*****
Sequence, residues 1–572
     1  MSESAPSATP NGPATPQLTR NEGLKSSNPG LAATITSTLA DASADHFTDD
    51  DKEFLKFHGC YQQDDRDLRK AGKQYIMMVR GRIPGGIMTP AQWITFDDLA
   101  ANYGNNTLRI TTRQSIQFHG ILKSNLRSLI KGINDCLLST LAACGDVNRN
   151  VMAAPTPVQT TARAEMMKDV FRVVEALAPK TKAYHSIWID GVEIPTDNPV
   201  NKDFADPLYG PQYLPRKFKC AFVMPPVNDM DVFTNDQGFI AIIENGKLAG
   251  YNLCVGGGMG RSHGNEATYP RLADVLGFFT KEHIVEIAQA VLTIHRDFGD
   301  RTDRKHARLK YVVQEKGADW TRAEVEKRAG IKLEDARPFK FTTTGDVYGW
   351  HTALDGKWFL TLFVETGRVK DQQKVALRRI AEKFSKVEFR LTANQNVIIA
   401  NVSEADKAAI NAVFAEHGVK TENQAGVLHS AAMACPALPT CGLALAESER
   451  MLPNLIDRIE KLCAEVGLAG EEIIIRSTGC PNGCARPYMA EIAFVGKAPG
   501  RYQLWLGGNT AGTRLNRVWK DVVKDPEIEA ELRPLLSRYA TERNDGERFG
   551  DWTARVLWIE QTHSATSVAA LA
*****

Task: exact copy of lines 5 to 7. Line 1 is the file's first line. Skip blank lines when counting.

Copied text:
   151  VMAAPTPVQT TARAEMMKDV FRVVEALAPK TKAYHSIWID GVEIPTDNPV
   201  NKDFADPLYG PQYLPRKFKC AFVMPPVNDM DVFTNDQGFI AIIENGKLAG
   251  YNLCVGGGMG RSHGNEATYP RLADVLGFFT KEHIVEIAQA VLTIHRDFGD